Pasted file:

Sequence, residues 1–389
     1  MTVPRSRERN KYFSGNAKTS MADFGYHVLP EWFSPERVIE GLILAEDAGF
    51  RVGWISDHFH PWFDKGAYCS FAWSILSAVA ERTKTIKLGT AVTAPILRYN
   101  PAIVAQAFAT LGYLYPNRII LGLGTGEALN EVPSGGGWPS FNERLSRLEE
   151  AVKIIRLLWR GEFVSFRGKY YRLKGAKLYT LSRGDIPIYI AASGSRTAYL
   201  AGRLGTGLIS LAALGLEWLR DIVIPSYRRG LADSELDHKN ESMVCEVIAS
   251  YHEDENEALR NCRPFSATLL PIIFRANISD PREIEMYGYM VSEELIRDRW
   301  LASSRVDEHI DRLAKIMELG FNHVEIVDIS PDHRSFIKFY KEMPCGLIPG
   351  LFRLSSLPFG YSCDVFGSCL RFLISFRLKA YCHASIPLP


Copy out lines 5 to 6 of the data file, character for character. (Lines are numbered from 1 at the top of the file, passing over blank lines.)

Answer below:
   151  AVKIIRLLWR GEFVSFRGKY YRLKGAKLYT LSRGDIPIYI AASGSRTAYL
   201  AGRLGTGLIS LAALGLEWLR DIVIPSYRRG LADSELDHKN ESMVCEVIAS